“Keeping the Olympic Flame Burning”: Protecting Athletes from Burnout in Sport

Editor: Sylvain Laborde
Editorial Assistant:
Maren Flottmann, Jakob Kaiser

This article has also been translated into French.

Athlete burnout is a growing concern in sport, particularly among elite athletes who compete at the highest level, such as the Olympic Games. It is characterized by the symptoms of physical and emotional exhaustion, a reduced sense of athletic accomplishment, and sport devaluation. The present article will explore its causes and consequences. It also aims to guide the creation of effective strategies for preventing and mitigating burnout in elite athletes who will compete during the Olympic Games.

During the 2024 Olympic and Paralympic Games, athletes from around the world will compete in their respective disciplines. For these individuals, the event is the culmination of years of rigorous training and competition. These years are likely not without their difficulties, however. Elite athletes face constant pressures (selection and deselection) and dangers (career ending injuries). These pressures can cause athletes to develop motivational and wellbeing issues, one of the most prominent of which is burnout. As an example, Simone Biles, 24, who has won seven Olympic medals, including four golds, battled mental health issues during the Summer Games in Tokyo in 2020.

Image 1: Olympic and Paralympic Games are the culmination of years of rigorous training and competitionImage 1: Olympic and Paralympic Games are the culmination of years of rigorous training and competition

In the last twenty years, sport psychology has researched burnout extensively. Researchers have made significant contributions to uncovering its alarming impact on athletes' mental and physical well-being [1]. This includes increased depression, anxiety, and injuries [2]. It has therefore become critical to understand the prevalence of this syndrome. This knowledge is pivotal in developing strategies to prevent or lessen the detrimental effects on athletes' health, ensuring their well-being as they pursue excellence and an Olympic medal.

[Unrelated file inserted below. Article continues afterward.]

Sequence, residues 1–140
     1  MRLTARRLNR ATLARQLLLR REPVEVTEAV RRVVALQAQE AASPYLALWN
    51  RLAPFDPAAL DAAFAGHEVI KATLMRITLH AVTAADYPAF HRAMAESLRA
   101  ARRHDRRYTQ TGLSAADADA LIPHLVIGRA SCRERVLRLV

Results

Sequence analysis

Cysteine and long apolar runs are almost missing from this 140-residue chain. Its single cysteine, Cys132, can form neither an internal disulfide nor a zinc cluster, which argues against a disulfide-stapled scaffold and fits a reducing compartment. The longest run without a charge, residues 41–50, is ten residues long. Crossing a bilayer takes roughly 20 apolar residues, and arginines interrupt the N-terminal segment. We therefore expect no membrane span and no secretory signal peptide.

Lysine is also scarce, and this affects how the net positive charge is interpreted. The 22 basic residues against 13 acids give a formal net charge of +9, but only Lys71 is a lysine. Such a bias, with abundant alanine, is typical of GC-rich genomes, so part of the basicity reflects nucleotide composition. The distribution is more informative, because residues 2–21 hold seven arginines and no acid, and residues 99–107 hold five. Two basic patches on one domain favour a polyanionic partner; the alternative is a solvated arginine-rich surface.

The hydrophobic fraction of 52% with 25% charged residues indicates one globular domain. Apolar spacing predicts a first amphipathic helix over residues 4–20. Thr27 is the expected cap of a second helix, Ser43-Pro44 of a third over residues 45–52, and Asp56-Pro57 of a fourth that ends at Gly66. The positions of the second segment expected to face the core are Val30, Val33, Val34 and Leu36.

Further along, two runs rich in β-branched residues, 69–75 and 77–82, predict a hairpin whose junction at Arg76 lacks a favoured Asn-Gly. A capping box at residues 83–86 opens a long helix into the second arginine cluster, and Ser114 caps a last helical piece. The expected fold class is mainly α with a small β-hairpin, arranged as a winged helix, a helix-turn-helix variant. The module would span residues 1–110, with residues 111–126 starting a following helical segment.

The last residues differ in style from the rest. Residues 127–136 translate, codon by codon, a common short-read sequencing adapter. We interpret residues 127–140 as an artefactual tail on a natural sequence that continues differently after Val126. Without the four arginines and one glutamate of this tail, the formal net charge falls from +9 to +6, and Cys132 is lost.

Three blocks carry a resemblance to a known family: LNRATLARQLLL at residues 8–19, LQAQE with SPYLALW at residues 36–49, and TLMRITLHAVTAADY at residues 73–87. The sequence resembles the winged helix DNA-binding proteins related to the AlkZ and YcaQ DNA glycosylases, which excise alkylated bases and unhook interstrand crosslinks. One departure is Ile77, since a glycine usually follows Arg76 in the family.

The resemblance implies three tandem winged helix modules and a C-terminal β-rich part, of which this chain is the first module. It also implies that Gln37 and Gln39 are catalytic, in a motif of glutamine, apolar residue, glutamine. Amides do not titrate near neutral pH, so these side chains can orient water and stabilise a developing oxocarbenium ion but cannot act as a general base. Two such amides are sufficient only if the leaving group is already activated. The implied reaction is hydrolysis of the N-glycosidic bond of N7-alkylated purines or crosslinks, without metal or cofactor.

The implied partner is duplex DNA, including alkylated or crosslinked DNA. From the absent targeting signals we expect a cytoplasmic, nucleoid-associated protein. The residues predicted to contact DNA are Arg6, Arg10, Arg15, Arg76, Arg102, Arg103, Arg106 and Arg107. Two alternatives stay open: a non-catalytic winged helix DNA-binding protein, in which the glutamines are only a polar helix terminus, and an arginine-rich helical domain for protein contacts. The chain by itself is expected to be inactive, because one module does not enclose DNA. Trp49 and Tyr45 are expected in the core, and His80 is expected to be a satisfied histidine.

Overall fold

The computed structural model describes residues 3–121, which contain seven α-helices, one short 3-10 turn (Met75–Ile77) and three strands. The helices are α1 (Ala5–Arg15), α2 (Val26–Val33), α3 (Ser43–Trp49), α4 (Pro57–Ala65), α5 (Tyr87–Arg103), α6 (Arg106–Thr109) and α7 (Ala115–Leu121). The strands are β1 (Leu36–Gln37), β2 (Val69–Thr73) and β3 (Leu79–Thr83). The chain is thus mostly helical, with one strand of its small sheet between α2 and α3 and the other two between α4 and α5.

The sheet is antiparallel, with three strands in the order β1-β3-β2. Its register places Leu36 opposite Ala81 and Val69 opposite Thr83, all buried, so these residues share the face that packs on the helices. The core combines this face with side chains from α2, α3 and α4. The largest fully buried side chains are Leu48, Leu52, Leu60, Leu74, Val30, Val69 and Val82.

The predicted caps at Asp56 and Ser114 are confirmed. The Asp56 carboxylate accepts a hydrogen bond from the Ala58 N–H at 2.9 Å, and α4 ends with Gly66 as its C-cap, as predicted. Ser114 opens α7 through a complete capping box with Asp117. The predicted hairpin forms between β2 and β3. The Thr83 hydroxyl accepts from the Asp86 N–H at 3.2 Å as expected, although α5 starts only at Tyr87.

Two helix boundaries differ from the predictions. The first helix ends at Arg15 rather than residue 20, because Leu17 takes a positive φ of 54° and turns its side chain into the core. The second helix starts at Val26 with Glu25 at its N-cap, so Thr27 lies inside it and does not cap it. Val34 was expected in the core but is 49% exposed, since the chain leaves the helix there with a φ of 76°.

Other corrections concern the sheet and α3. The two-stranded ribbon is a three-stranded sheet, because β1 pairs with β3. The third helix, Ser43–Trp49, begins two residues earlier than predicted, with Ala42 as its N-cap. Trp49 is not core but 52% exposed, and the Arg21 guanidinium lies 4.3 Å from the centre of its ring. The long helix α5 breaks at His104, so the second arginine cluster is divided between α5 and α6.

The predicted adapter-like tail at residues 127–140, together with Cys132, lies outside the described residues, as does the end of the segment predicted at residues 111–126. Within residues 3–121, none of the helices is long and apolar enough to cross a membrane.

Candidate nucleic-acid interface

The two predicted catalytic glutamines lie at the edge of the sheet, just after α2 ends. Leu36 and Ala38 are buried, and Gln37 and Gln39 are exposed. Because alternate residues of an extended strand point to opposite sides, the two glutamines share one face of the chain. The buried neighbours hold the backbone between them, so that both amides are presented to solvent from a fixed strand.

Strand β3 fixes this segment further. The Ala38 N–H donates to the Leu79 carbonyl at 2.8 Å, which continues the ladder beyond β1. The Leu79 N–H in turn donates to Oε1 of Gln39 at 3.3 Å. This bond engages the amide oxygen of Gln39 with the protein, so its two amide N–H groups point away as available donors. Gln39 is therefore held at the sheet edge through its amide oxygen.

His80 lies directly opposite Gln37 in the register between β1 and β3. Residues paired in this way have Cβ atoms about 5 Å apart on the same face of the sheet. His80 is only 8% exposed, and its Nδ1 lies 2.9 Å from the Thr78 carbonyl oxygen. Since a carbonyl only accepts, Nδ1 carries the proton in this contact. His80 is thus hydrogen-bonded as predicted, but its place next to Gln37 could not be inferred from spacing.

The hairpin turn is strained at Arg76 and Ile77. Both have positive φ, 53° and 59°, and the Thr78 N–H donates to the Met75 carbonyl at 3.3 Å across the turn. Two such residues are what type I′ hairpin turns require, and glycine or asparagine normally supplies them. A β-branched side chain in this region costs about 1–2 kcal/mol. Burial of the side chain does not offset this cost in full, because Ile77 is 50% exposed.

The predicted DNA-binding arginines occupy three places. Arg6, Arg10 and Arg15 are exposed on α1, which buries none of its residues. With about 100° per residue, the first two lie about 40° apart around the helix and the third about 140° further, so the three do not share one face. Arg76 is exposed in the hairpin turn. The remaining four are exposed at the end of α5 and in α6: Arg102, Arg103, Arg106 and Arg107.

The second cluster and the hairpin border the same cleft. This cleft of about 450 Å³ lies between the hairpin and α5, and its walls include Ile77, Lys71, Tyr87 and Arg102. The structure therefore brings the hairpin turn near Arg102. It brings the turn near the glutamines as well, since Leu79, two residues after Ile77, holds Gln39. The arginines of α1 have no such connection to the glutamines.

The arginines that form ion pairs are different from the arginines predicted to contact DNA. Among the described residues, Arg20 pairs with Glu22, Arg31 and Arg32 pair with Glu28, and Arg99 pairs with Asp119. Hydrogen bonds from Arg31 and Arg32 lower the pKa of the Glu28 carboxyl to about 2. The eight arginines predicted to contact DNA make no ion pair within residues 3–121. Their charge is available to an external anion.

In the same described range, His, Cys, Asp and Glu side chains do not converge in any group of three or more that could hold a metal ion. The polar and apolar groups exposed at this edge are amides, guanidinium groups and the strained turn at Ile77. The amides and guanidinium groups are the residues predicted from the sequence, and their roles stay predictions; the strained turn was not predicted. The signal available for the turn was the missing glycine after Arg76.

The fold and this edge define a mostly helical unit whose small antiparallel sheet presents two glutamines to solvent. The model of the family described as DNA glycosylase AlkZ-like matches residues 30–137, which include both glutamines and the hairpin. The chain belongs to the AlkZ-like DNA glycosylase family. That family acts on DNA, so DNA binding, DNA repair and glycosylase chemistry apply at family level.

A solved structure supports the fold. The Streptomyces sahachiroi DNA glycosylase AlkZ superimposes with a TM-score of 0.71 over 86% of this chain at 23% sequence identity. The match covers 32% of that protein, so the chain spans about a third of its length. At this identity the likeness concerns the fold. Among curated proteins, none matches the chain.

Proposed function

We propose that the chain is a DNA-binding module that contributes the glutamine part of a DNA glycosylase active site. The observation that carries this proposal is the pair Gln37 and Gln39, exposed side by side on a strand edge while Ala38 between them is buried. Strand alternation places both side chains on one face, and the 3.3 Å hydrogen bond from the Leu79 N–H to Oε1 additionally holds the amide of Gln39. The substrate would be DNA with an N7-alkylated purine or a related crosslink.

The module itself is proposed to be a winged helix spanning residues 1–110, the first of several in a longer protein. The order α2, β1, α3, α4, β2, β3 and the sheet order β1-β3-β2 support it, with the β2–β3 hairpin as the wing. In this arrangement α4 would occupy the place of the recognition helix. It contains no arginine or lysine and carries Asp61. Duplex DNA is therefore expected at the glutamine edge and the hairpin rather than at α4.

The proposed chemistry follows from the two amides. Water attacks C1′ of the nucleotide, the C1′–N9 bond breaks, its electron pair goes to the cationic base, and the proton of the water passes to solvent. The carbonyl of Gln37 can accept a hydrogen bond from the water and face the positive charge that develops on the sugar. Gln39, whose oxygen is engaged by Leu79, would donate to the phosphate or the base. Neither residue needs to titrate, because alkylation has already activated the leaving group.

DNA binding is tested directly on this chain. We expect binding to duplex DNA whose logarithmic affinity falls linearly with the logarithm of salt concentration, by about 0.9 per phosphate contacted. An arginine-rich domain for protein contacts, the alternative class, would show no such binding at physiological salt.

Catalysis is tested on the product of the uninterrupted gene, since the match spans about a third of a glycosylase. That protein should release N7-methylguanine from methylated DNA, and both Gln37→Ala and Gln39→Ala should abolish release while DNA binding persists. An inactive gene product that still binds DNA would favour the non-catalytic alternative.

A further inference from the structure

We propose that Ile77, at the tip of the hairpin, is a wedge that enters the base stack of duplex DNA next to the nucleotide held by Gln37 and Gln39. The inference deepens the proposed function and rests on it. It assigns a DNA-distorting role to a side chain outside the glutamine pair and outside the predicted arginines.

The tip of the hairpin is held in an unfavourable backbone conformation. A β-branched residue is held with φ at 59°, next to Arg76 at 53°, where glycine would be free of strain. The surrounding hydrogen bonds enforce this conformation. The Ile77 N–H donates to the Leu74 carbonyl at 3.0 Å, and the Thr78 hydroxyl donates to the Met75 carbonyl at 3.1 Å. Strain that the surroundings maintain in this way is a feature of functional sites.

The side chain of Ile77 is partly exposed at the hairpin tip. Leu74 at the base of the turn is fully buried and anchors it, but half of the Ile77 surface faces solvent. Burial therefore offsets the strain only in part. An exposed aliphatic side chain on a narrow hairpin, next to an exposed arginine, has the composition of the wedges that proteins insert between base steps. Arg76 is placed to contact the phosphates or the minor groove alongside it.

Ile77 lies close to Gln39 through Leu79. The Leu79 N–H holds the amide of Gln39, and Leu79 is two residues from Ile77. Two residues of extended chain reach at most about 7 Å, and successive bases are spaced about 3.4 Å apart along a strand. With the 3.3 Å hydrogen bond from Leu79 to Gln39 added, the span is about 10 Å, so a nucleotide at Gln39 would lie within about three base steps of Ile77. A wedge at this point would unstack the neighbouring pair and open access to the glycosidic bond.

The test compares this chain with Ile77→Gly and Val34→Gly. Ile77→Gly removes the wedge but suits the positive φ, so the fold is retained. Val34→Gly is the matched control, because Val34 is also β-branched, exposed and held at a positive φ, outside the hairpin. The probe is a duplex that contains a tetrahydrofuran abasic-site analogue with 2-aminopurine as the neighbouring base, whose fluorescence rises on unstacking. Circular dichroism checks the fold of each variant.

How is athlete burnout characterized among elite athletes?

Experts have been studying athlete burnout for several decades. Burnout occurs when an athlete feels tired and emotionally drained from training and competing, leading to a loss of interest in their sport and a feeling of not achieving much, no matter how hard they try. In order to understand burnout in athletes, drawing on the job burnout literature, the following definition was proposed: burnout is a syndrome characterized by lasting physical and emotional exhaustion, a diminished sense of accomplishment, and a devaluation of sport [3]. An Olympic athlete may experience constant physical and emotional fatigue, even after rest and recovery. This feeling can be described as the energy put into training and competing evaporating without yielding tangible results. Doubts about their abilities may arise, despite past successes and recognition. The athlete may feel that their training and efforts are never enough, causing past achievements to lose their value or meaning. Athletes may lose interest in competition and training, feeling disconnected from their sport and questioning its significance.